24. Telegram From the Department of State to the Embassy in India 1

1491. Attorney General Kennedy’s plane scheduled stop New Delhi for refueling en route London about 1820 hours GMT today. Important that following message be delivered him before departure New Delhi.

For Attorney General

Following is text message from Foreign Secretary Butler to Secretary Rusk, dated January 21 (unnecessary words omitted):

“I have been following with great attention reports from British Reps in area of Mr. Kennedy’s efforts secure suspension of Indonesian military confrontation against Malaysia. We most grateful to Mr. Kennedy for keeping us so fully informed. I am glad too that he seems be making such good progress towards getting Indonesians stop their attacks. Whatever ultimate outcome negotiations, suspension tragically unnecessary fighting along Borneo border must be a clear gain.

Nevertheless, there is one aspect Mr. Kennedy’s otherwise helpful intervention which does cause me some concern and which I shall want discuss with him when he reaches London. This is emphasis he has been laying on need for “Asian solution” to problem Indonesian [Page 50]confrontation against Malaysia. I believe that what he means is that next step should be meeting three Asian Governments involved: Indonesia, Malaysia and Philippines. We would agree with this and, if such a meeting were to open way for closer association these three countries on entirely voluntary basis and without any element Indonesian coercion of Malaysia, we would welcome this. We have never been opposed to Macapagal’s concept of Maphilindo as such, but only to its employment as pretext for isolating Malaysia from Western support.

This brings me to nub of present message. Even if these three Asian Governments met without any representatives Western Powers present, their discussions are bound to include certain topics of direct concern to Britain and West as whole. I am thinking particularly of main target Indonesian hostility: the Anglo/Malaysian Defence Agreement and base facilities in Malaysia enjoyed by HMG under this Agreement. If, as I fear they will, Indonesians make abrogation these arrangements a condition for final termination confrontation and restoration friendly relations with Malaysia, we think Malaysia will be bound refuse and would be in Western interests that she should do so. Otherwise, how can we ask Malaysia (with her population of ten million) to entrust her future independence to good will of 100 million Indonesians? Secondly, HMG would thereby be asked renounce all future prospects of making any effective contribution to defence Southeast Asia.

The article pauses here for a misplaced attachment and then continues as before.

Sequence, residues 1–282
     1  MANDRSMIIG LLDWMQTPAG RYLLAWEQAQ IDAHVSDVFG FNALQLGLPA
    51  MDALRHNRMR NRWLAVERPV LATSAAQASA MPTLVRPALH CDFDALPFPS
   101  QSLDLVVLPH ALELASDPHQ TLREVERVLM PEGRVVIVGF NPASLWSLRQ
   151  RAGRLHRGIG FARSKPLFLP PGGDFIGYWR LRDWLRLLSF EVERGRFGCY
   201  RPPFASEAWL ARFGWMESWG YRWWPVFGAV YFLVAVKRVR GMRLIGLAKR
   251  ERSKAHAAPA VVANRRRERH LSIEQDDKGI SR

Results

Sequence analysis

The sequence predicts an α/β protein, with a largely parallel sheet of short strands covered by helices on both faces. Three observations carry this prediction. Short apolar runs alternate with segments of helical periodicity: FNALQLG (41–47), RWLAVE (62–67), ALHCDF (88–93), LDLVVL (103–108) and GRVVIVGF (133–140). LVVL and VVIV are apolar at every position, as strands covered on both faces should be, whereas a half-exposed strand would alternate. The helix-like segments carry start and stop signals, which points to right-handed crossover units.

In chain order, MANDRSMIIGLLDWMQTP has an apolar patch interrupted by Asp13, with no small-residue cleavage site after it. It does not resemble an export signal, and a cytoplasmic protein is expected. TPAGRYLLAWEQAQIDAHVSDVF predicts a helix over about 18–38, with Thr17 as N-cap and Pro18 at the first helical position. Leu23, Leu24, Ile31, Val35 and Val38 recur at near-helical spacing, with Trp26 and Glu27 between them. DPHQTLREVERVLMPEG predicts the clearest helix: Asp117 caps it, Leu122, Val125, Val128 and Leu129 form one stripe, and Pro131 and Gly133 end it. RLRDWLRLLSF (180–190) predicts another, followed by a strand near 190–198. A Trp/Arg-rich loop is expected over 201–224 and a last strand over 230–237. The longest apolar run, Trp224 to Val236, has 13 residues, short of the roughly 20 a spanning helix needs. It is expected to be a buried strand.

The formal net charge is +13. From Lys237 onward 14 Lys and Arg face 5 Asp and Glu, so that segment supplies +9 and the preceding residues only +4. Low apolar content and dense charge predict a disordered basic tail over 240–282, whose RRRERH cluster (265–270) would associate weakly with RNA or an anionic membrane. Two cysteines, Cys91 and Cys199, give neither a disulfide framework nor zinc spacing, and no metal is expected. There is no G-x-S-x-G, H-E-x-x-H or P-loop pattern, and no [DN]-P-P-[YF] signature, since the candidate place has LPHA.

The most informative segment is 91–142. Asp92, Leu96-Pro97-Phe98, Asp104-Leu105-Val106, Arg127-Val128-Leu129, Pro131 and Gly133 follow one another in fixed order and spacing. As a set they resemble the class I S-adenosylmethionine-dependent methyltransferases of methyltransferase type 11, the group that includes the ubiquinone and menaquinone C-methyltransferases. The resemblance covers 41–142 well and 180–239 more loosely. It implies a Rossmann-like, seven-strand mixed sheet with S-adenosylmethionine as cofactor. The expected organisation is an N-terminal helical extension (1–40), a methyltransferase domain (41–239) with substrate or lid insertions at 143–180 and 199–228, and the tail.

These, I suggest, are not problems which West can afford consider in isolation. They are not purely British problems and cannot be solved without most far-reaching repercussions on future of Southeast Asia as a whole or on unity and effectiveness Western Alliance. To take worse possible case, termination Indonesian confrontation on terms likely lead to neutralisation of Malaysia under Indonesian influence would have profound effects in mainland Southeast Asia. Neighbouring Thailand might reconsider her adhesion to Western Alliance. There would be repercussions in Laos and Cambodia. Above all I think your problems in South Vietnam would be greatly increased.

All this leads me to propose that, when our Prime Minister meets your President in Washington next month, we should try to look at Western policy in Southeast Asia as a whole rather than at individual problems of Britain over Malaysia or of US over South Vietnam. When I say Western policy, I am naturally also thinking of Australia and New Zealand, whose interest is even more direct than that of either Britain or US. As I see it, post-war extension of Communist influence in Southeast Asia has been largely due to our failure achieve such a united approach to problems of area as a whole. Again and again particular Western countries have fought isolated and ultimately futile rear guard actions in a single sector. Now, even if it is at eleventh hour, I think [Page 51]we should attempt fresh approach. If you agree, I hope you will also agree on importance of avoiding any irrevocable commitment on nature of a final solution to problem Indonesian confrontation until we have met and discussed this problem in its wider context.”

Rusk
  1. Source: National Archives and Records Administration, RG 59, Central Files 1964–66, POL INDON–MALAYSIA. Secret; Flash; Verbatim Text. Drafted by Ingraham and cleared by Cuthell. Repeated to London. The original message, delivered by Ormsby Gore to Rusk, January 22, is in the Johnson Library, National Security File, Country File, Malaysia, Vol. I, Memo, 11/63–3/64.